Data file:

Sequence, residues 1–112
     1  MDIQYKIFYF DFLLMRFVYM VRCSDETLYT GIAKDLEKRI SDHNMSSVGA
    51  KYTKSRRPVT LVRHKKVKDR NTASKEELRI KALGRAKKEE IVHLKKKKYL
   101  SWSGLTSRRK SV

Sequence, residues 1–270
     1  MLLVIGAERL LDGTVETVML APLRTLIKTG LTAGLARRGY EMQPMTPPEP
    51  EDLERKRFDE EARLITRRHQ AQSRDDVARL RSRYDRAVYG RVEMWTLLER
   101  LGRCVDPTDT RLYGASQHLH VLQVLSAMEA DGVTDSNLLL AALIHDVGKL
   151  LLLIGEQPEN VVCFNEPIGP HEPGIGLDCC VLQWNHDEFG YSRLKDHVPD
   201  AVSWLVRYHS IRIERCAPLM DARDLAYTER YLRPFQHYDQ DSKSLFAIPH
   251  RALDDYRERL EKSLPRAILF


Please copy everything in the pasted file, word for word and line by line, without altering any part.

Sequence, residues 1–112
     1  MDIQYKIFYF DFLLMRFVYM VRCSDETLYT GIAKDLEKRI SDHNMSSVGA
    51  KYTKSRRPVT LVRHKKVKDR NTASKEELRI KALGRAKKEE IVHLKKKKYL
   101  SWSGLTSRRK SV

Sequence, residues 1–270
     1  MLLVIGAERL LDGTVETVML APLRTLIKTG LTAGLARRGY EMQPMTPPEP
    51  EDLERKRFDE EARLITRRHQ AQSRDDVARL RSRYDRAVYG RVEMWTLLER
   101  LGRCVDPTDT RLYGASQHLH VLQVLSAMEA DGVTDSNLLL AALIHDVGKL
   151  LLLIGEQPEN VVCFNEPIGP HEPGIGLDCC VLQWNHDEFG YSRLKDHVPD
   201  AVSWLVRYHS IRIERCAPLM DARDLAYTER YLRPFQHYDQ DSKSLFAIPH
   251  RALDDYRERL EKSLPRAILF